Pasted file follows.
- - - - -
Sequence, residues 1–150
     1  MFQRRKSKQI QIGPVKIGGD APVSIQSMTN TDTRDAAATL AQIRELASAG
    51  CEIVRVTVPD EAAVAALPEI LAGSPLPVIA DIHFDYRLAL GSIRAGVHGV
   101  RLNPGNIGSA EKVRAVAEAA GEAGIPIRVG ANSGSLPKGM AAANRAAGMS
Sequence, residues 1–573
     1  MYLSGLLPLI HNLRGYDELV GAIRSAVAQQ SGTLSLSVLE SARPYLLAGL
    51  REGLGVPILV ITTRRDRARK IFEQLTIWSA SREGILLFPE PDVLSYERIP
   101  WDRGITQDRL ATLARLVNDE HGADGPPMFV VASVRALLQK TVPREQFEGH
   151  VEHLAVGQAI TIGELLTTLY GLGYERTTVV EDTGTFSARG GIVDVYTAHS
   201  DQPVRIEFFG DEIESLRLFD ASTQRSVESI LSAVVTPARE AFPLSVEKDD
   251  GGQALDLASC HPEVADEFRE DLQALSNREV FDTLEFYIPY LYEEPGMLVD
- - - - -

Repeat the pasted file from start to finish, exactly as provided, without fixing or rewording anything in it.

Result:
Sequence, residues 1–150
     1  MFQRRKSKQI QIGPVKIGGD APVSIQSMTN TDTRDAAATL AQIRELASAG
    51  CEIVRVTVPD EAAVAALPEI LAGSPLPVIA DIHFDYRLAL GSIRAGVHGV
   101  RLNPGNIGSA EKVRAVAEAA GEAGIPIRVG ANSGSLPKGM AAANRAAGMS
Sequence, residues 1–573
     1  MYLSGLLPLI HNLRGYDELV GAIRSAVAQQ SGTLSLSVLE SARPYLLAGL
    51  REGLGVPILV ITTRRDRARK IFEQLTIWSA SREGILLFPE PDVLSYERIP
   101  WDRGITQDRL ATLARLVNDE HGADGPPMFV VASVRALLQK TVPREQFEGH
   151  VEHLAVGQAI TIGELLTTLY GLGYERTTVV EDTGTFSARG GIVDVYTAHS
   201  DQPVRIEFFG DEIESLRLFD ASTQRSVESI LSAVVTPARE AFPLSVEKDD
   251  GGQALDLASC HPEVADEFRE DLQALSNREV FDTLEFYIPY LYEEPGMLVD